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Sharif to hold talks with Saudi leaders on Qatar fallout

Prime Minister Nawaz Sharif, accompanied by senior officials and advisors left for Saudi Arabia on a day-long visit as the middle east countries face deteriorating relations.

Published: 12th June 2017 04:59 PM  |   Last Updated: 12th June 2017 04:59 PM   |  A+A-

Pakistan Prime Minister Nawaz Sharif | File | IANS

Pakistan Prime Minister Nawaz Sharif | File | IANS

By IANS

ISLAMABAD: Pakistan Prime Minister Nawaz Sharif accompanied by Chief of Army Staff (COAS) Gen Qamar Bajwa on Monday left for Saudi Arabia on a day-long visit in the backdrop of a deepening diplomatic rift in the Middle East, a media report said.

Finance Minister Ishaq Dar, Adviser to the Prime Minister on Foreign Affairs Sartaj Aziz and other senior officials are also part of the delegation, Dawn online reported.

Sharif is expected to hold talks with Saudi leadership centered on deteriorating relations between Gulf nations after Saudi Arabia, Bahrain, Egypt and the United Arab Emirates cut ties with Qatar, accusing it of supporting terrorism.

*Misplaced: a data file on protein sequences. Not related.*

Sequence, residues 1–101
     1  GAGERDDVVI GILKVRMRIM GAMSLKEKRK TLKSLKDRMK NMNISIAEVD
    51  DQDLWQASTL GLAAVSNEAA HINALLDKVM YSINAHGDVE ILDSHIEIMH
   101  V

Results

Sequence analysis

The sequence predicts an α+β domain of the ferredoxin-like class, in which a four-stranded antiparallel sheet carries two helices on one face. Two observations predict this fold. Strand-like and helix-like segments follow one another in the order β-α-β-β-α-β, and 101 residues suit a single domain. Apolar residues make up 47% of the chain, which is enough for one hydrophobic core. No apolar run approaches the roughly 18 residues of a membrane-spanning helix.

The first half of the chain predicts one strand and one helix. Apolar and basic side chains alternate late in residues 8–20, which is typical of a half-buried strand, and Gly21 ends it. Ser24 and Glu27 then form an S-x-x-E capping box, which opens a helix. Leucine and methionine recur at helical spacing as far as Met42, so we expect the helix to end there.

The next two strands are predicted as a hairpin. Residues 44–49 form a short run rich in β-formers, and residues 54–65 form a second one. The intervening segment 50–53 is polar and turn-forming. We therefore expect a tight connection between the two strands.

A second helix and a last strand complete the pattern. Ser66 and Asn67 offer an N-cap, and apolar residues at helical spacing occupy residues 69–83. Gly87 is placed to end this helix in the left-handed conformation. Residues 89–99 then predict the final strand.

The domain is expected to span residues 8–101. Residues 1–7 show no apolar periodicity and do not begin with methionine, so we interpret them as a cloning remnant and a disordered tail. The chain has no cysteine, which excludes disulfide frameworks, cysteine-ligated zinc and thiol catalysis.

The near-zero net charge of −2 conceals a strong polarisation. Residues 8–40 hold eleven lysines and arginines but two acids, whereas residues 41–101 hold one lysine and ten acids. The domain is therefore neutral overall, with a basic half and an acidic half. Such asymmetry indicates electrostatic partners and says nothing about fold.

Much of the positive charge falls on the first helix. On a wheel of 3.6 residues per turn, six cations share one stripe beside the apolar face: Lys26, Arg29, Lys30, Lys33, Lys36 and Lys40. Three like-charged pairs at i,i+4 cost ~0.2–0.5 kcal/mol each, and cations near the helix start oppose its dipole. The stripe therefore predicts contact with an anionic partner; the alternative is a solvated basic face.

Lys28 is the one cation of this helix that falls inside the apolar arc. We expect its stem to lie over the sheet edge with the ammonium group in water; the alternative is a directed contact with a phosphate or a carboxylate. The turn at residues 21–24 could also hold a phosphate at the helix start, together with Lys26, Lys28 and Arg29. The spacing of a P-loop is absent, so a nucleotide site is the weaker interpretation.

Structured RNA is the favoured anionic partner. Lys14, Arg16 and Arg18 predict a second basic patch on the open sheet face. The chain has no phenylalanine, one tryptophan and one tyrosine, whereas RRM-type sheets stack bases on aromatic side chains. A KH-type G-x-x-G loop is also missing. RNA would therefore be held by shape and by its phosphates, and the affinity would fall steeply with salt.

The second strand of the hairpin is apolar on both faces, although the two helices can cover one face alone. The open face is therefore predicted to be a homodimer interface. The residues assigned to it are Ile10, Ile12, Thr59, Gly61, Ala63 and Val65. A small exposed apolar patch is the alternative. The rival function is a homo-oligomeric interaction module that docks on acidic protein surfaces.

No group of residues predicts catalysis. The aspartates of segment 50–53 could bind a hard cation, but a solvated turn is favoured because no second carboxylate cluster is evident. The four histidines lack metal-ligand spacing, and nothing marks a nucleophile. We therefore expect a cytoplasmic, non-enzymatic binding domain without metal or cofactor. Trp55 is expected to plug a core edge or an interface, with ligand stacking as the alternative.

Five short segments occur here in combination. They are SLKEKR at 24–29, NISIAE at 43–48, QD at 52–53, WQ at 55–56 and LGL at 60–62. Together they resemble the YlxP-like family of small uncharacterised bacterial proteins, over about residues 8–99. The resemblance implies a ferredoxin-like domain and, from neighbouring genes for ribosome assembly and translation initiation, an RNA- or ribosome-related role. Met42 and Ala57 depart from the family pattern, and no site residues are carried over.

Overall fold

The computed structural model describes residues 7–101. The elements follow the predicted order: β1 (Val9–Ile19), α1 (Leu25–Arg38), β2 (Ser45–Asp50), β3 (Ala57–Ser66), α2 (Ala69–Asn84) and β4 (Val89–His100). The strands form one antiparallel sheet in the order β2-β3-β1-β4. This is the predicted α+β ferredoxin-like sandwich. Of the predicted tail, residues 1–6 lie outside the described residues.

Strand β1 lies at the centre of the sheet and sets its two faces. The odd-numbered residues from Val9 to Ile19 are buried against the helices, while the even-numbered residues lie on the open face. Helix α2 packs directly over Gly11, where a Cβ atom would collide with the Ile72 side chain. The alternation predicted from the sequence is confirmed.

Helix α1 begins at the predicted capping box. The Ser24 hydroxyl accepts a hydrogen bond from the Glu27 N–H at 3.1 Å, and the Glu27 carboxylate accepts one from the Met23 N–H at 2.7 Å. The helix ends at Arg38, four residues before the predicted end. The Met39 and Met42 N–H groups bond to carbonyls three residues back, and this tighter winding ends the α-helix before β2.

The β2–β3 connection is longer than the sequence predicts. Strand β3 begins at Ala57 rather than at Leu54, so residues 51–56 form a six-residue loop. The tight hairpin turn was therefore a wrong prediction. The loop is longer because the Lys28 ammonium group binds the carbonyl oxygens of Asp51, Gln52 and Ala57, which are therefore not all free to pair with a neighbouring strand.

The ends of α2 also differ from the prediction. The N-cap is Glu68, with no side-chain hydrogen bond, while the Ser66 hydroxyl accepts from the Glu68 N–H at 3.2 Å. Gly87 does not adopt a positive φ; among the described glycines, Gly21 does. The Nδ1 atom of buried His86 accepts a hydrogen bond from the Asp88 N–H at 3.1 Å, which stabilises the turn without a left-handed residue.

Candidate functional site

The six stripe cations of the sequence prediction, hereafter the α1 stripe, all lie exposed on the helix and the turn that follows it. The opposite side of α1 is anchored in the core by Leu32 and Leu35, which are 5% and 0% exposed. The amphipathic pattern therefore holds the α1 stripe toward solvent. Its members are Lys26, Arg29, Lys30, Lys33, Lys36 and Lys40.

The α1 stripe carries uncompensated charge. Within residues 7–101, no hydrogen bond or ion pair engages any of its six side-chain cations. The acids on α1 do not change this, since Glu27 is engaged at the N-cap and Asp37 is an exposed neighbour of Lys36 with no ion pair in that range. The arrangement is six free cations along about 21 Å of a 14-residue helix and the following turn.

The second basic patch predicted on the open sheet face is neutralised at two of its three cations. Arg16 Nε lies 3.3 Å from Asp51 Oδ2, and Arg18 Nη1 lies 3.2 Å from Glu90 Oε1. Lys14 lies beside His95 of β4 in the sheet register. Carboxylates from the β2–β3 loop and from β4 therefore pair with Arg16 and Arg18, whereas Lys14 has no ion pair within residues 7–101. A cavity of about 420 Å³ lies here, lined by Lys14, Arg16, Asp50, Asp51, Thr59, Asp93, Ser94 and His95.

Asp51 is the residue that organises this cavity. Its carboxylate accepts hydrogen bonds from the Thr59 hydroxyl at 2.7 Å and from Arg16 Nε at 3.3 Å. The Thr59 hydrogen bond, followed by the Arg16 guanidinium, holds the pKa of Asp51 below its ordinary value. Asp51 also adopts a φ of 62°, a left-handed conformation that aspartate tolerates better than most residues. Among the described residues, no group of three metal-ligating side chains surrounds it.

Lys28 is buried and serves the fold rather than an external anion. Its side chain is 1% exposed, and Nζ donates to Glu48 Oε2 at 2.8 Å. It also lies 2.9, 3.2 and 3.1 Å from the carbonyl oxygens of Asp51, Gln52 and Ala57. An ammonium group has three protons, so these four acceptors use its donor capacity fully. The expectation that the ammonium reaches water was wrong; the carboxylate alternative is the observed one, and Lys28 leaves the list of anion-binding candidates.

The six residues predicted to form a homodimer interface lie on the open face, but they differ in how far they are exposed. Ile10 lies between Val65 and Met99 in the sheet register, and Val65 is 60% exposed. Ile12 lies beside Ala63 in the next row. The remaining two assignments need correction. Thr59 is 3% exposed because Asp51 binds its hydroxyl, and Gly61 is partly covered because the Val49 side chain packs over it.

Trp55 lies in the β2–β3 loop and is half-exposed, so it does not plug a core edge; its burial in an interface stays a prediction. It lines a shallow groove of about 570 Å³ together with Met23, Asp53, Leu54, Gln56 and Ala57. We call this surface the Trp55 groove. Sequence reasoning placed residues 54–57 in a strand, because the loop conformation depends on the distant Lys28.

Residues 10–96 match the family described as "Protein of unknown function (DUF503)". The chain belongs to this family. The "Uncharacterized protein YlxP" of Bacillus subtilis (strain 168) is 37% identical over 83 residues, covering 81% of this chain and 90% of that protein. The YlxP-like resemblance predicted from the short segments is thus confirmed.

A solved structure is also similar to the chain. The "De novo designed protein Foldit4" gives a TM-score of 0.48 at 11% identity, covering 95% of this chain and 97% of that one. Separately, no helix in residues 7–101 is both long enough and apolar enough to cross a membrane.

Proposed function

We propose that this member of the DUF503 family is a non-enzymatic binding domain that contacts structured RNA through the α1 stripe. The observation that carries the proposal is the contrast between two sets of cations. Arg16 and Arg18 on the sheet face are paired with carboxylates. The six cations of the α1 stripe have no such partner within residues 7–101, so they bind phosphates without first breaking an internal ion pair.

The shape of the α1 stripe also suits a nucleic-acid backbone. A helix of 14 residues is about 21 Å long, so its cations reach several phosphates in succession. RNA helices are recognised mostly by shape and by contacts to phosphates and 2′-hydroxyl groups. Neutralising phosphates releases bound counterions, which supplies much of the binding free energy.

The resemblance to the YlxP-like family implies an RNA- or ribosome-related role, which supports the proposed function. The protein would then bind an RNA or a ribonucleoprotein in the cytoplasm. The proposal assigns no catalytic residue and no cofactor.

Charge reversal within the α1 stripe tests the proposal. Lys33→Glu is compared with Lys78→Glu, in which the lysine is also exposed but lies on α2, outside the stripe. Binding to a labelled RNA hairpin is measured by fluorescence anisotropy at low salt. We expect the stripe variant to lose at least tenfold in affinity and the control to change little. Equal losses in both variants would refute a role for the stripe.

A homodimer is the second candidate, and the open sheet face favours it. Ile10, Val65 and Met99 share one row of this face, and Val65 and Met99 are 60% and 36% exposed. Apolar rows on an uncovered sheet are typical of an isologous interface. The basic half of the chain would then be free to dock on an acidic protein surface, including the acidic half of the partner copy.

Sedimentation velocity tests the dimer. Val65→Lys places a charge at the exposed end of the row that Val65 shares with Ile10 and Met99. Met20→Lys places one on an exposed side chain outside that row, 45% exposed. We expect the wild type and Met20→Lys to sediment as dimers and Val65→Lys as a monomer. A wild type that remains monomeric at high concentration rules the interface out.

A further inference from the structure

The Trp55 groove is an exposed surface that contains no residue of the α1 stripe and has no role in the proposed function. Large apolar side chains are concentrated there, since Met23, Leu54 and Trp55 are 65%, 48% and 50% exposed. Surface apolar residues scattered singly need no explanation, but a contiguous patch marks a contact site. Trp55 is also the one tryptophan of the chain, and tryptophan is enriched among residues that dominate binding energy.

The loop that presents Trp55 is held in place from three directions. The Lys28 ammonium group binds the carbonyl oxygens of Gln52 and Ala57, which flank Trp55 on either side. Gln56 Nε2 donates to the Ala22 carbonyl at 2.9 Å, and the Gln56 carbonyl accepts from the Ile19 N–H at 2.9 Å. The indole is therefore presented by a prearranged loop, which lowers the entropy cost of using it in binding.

In its earlier response to the Middle East crisis, Pakistan had stressed the need for unity in the Muslim world and urged the countries involved to engage in dialogue.

Ahead of his visit, Sharif called a meeting of the country's top envoys from Gulf countries to discuss the Saudi-Qatar rift.

Pakistani ambassadors in Saudi Arabia, Qatar, United Arab Emirates, Bahrain and Advisor on Foreign Affairs Sartaj Aziz attended the conference on Monday.

"Since Pakistan enjoys good relations with Saudi Arabia, Iran and Qatar, we will try our best to resolve the differences between the Arab countries," Nawaz Sharif had told journalists during a recent visit to Kazakhstan.

Pakistan shares "good" ties with all Gulf countries and has been asked by the country's parliament to stay neutral in the crisis, while trying to resolve it. 

Last week, lawmakers at the National Assembly expressed "deep concern" over the diplomatic rift in the Gulf and passed a resolution urging all countries to "show restraint and resolve their differences through dialogue".

A six-member Qatari delegation had reportedly visited Islamabad last week to relay a message from the Qatari emir, asking Pakistan to play a positive role in resolving the diplomatic crisis engulfing the Middle East, Dawn reported.

However, the Foreign Office had denied knowledge of any such visit.

On Sunday, Pakistan rejected as "fabricated and baseless" reports that it plans to deploy its troops in Qatar amid diplomatic tensions in the Middle East.

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